ISU special teams coordinator Jordan Langs wants to provide “the edge” for the Cyclones

 AMES — New Iowa State special teams coordinator Jordan Langs joined the program with one simple goal in mind: Be of help, not a hindrance.

 “We want to be the edge,” said Langs, who is also the Cyclones’ running backs coach. “We want to be the edge in big wins. We don’t want to be the reason for a tough loss.”

 Unfortunately for ISU, the latter’s tended to be the case in recent years.

 Last season, first-year starter Jace Gilbert missed three field goals in a 14-11 loss at Kansas.

 Then-freshman punter Tyler Perkins also saw two of his kicks blocked that could have been costly in a 10-7 win at Iowa.

 Those high-profile miscues overshadowed excellent kickoff and punt coverage (both top-seven nationally), as well as Perkins’ 42.2 yards per punt average, which helped him earn second team Freshman All-America honors.

 The Cyclones also ranked 81st in punt returns (6.7 per attempt) and 118th in kickoff returns (16.6 per attempt), so there’s also plenty of room for improvement in those areas when it comes to establishing and maintaining that “edge.”

 “It’s not a schematic issue,” ISU head coach Matt Campbell said. “It’s the confidence of the punt returner of going to get the football — all those little details that are in there, I think those are things that we can be much better at. But again, Kene Nwangwu (of the Minnesota Vikings) was here in 2020 and we were the best kick return team in the country. So a lot of it is the who.”

 That personnel aspect remains up for grabs on every special teams unit except for the punt team. Perkins dropped 19 punts inside the opponent’s 20-yard line last season and said Langs has helped everyone on special teams sharpen their focus and execution.

 “Coach Langs is awesome,” Perkins said. “And really all of the coaches have kind of stepped up and we’re building really good habits. Offseason was great and I think Jace has really stepped up, too. He had a really good offseason and I expect a lot of big things this fall on special teams.”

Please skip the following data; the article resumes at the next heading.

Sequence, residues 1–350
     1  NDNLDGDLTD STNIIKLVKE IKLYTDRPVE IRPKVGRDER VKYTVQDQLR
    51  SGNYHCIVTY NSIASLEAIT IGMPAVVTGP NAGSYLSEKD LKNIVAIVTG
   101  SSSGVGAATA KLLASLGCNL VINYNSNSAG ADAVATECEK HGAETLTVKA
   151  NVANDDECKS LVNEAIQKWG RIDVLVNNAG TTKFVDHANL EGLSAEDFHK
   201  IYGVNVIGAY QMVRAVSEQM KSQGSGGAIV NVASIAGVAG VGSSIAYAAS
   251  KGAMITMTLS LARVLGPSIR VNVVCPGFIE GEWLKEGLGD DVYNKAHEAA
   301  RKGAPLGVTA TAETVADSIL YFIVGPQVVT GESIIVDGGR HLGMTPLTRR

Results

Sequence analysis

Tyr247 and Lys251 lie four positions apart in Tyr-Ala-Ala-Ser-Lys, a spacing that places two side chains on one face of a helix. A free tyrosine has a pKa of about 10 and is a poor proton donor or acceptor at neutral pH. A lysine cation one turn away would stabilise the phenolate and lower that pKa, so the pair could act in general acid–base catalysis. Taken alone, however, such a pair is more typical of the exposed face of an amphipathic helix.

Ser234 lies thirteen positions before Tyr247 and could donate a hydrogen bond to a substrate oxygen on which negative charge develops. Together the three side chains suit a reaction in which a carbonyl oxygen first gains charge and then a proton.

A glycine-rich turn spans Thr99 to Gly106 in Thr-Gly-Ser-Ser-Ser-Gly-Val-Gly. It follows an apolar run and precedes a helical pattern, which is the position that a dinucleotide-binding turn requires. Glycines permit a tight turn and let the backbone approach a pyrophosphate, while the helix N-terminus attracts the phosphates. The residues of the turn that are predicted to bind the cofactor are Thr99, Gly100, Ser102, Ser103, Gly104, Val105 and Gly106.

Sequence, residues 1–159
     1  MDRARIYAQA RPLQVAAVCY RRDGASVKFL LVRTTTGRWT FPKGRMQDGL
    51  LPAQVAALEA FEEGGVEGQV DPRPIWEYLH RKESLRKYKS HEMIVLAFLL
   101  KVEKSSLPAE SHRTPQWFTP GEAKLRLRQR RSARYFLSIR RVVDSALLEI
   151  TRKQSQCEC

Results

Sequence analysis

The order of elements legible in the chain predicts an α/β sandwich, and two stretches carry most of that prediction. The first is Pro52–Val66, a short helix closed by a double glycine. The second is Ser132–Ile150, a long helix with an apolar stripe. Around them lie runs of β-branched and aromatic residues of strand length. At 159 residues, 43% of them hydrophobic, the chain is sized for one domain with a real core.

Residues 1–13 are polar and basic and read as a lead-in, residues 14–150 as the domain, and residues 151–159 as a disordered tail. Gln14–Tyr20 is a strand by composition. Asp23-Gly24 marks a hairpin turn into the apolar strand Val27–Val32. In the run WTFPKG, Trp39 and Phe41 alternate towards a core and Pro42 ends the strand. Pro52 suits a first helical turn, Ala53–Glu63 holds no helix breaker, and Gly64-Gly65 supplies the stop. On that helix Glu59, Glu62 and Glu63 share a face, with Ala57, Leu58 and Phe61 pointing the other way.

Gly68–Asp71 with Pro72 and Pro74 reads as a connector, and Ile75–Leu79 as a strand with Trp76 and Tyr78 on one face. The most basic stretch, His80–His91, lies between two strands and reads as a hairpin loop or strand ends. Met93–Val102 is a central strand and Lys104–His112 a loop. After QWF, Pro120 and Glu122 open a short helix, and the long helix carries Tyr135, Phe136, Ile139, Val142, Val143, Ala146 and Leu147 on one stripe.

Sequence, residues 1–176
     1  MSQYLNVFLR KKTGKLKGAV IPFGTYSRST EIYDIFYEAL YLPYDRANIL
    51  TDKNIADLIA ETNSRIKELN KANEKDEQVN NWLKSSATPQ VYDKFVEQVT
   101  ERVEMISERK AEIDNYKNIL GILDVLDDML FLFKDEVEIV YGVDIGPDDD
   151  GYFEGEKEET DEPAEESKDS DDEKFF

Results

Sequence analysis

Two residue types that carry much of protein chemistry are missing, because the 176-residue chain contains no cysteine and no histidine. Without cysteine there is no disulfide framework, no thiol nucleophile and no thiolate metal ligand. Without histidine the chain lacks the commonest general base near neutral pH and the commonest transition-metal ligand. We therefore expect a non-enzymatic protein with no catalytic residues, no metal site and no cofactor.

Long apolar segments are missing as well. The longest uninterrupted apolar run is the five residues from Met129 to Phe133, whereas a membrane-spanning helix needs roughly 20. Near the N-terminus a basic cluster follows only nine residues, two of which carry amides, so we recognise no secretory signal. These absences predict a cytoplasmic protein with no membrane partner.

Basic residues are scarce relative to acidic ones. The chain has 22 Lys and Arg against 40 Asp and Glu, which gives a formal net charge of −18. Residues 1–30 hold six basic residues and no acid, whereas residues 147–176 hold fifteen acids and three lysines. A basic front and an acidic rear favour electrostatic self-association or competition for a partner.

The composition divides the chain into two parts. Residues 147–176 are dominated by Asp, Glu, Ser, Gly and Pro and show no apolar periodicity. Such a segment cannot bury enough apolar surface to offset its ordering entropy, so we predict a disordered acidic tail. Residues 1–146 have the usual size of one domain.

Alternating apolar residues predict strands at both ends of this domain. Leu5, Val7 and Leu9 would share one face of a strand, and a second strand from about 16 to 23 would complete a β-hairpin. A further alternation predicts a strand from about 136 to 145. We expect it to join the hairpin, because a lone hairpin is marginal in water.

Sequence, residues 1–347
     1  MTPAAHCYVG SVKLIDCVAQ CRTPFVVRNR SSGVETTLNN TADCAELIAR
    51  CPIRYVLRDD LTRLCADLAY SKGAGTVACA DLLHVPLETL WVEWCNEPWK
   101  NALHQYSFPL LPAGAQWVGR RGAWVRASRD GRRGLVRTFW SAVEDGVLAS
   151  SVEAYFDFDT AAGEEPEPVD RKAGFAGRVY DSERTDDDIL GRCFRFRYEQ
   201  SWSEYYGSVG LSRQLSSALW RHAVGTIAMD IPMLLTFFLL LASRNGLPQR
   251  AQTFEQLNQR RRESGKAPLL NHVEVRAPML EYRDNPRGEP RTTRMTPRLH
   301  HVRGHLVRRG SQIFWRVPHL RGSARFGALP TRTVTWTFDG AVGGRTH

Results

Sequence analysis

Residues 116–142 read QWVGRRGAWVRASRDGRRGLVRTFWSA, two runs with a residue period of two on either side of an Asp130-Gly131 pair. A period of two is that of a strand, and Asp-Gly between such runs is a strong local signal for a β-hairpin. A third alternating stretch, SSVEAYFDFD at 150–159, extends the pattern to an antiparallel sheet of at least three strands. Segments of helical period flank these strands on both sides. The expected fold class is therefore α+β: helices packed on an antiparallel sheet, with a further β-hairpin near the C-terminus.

Gilbert is immersed in a three-way competition for the primary place-kicking position. Keegan Shackford — who injured his hamstring last season — and former Nebraska kicker Chase Contreraz are squarely in the mix, as well. Campbell didn’t rule out having specialists for kickoff and field goals of varying lengths either. 

 “The test of time will tell, but I feel, again, completely different spot than a year ago,” Campbell said of that trio. “A year ago, I would say (it’s) as much on me as anybody. You just felt like, with some injury standpoint, you end up with a true freshman in some tough situations. I don’t feel like we’re that football team this year. You’ve got some guys that have done it, (who) have kicked in critical moments and I think that competition is hot and heavy right now.”

 That’s apparently the case at most positions — including quarterback, where redshirt Rocco Becht, true freshman J.J. Kohl and junior college transfer Tanner Hughes are splitting snaps.

 The competition at that position is so tight, Campbell said, that if ISU were playing a game today, all three would play.

 “Now, is that where we’re at as we continue to move through camp?” Campbell said. “That’s why you have practice and camp and continue to watch it, but I think those are things, for us, that we would certainly look into.”

 Just as Langs is looking into carving out that “edge” on special teams — via reps, film study, and extensive evaluations.

 “Every yard matters,” Langs said. “We really want to be a positive force for our football team. We don’t want us to look back on a Saturday and say because of special teams there (were) negative things that kept us from winning. We want us to look at special teams as a whole — and that’s more than a long snapper, kicker and a punter — and for us to say the special teams helped the Cyclone offense and defense go win the game.”